Summary: The purpose of this sermon is to provide an overview of God’s divine plan for salvation.
The underlying theme pertaining to the Doctrine of Salvation is the relationship between the redemptive blood of Christ and the sins of mankind. Strong’s New Complete Dictionary of Bible Words’ meanings for sin are to transgress or to stray. God gave Adam specific instructions not to eat from the tree of the knowledge of good and evil, and He also gave Adam a clear warning that death will come to him on the same day that he disobeys His command (Genesis 2:17). Adam disobeyed God, and his action required justice, but God chose fit to create a redemption plan through salvation. This sermon will cover three topics. It will explain how the scriptures were fulfilled; it will describe the new birth, and it will discuss other important elements of salvation.
I. Fulfilling the scriptures
A Before Jesus was born, the scriptures foretold of savior who would be born and would die to redeem mankind and reconcile its relationship with God.
1 Jesus understood that if He did not fulfill His role in God’s plan for salvation, then mankind would forever be lost. He endured torturous beatings and continuous humiliation but did not waiver from His commitment to ensure that the scriptures were fulfilled. In Psalms 22:18, David provides a clear narrative illustrating how Christ would suffer and would be crucified. This passage reads, “They divided My garments among them and for my clothing they cast lots.” Hundreds of years later, John 19: 23, 24 delivers a vivid account of the soldiers in action as they parted Jesus’ garment into four sections and passed the sections among themselves and then cast lots for ownership of the whole tunic rather than rip the garment.”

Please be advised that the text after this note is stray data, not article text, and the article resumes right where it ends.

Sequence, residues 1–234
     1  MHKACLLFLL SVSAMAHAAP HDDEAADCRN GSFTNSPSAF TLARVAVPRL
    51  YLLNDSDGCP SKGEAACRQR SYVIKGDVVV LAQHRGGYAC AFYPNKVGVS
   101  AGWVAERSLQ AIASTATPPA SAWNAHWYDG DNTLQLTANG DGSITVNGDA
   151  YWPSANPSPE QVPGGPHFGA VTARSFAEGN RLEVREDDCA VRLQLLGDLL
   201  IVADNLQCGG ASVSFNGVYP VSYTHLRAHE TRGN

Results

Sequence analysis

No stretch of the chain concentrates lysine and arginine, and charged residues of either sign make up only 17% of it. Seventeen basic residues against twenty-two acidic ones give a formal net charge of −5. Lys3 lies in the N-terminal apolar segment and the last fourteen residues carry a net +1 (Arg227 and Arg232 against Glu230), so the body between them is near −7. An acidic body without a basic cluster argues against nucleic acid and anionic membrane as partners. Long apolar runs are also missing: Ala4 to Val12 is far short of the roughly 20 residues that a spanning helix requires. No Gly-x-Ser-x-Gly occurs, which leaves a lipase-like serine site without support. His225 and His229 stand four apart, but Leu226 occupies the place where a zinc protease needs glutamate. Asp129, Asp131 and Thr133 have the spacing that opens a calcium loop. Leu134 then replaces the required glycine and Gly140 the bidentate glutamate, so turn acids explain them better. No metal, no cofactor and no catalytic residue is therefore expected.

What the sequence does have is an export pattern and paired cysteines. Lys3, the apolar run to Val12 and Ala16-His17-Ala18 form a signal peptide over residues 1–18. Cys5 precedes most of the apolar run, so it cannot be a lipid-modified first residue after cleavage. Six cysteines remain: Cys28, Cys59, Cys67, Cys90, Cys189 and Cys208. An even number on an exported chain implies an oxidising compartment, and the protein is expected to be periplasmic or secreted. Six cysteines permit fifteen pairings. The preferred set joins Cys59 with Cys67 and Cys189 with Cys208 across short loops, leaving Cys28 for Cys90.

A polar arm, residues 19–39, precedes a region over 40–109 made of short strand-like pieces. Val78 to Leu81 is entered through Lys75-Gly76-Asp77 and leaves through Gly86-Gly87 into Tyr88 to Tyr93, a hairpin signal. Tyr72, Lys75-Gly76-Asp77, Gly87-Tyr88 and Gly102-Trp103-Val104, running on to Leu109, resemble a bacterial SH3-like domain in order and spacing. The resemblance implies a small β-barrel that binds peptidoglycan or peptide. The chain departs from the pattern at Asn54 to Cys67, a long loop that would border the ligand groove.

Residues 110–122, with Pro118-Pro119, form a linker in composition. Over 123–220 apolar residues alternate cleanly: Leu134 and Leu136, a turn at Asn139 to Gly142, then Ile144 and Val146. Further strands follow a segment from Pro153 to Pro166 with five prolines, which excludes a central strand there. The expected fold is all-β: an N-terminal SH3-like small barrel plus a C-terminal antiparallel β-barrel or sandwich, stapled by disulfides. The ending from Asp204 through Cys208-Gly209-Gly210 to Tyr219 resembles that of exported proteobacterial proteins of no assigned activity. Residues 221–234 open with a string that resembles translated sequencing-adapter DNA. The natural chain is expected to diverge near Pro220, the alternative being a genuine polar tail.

2 As Jesus hung on the cross, he knew that the hour was at hand. Verse 25 gives a description about the interactions he had with the criminals who was hung with him. Verses 26-28 provides details about Jesus making provisions for His mother once He passes from His flesh. It tells us that He told His mother to behold a disciple whom He loved as her son, and He told His beloved disciple to behold Mary as his mother.
3 After Jesus made provisions for His mother, with his strength dried up and tongue stuck to the palate of his mouth (Psalms 22:15), He says “I thirst” (Verse 28). In verse 29, they gave him sour wine, and in verse 30, Jesus proclaimed that “it is finished.” With those words, He bowed His head and gave up His spirit. The bible tells that the soldiers came back to the cross to break the legs of those who were crucified, which was a common practice to make malefactors or criminals, if you will, suffer. However, when they went to break Jesus’ legs, He was already dead (John 19:33). The scriptures were fulfilled.
B The depth of Jesus’ love: He bowed His head and gave up the spirit.
1 Jesus, the man whom we call Christ did several things to show his love as He hung on that old rugged cross. He showed the loving act of asking asked God to forgive His transgressors (Luke 23:34). He also showed love when he forgave one of the malefactors who hung next to Him on the Cross and promised him a place in the kingdom (Luke 23:43). In addition he showed love towards his mother by making provisions for her (John 19: 26, 27). In the ninth hour, humiliated and in enough pain to where he asked God “why have thou forsaken me?” (Matthew 27: 46), he loved mankind enough to commit His spirit (Luke 23:46) and give up the ghost.
2 His actions forever changed the relationship between God and mankind. When Jesus died, the veil of the temple ripped in two (Matthew 27:51). Let’s stop and focus on the veil for a second. The veil, or curtain if you will, that the bible speaks of is the one in the temple. According to the Life Application Bible, the temple (identified in the King James’ version as the Covenant Tabernacle) consisted of the courts, the Holy Place where only the priest could enter and the Most Holy Place where only the high priest could enter. The high priest could only enter the Most Holy Place once a year in order to atone for his sins and the sins of the nation through blood offering. The courts, Holy Place and Most High Holy Place were separated by veils.
3 When Christ died, the second veil that separated the Holy Place from the Most Holy Place was removed, symbolizing the removal of the barrier between God and mankind. At this point, man had access to God rather than having to rely on priests for access. Jesus’ death in essence invalidated the old covenant that required yearly blood offering and replaced it with a new covenant in a more perfect tabernacle not made from hands. This covenant required the use of Christ blood as the redeeming or saving blood for mankind’s transgressions (Hebrews 9:1-15).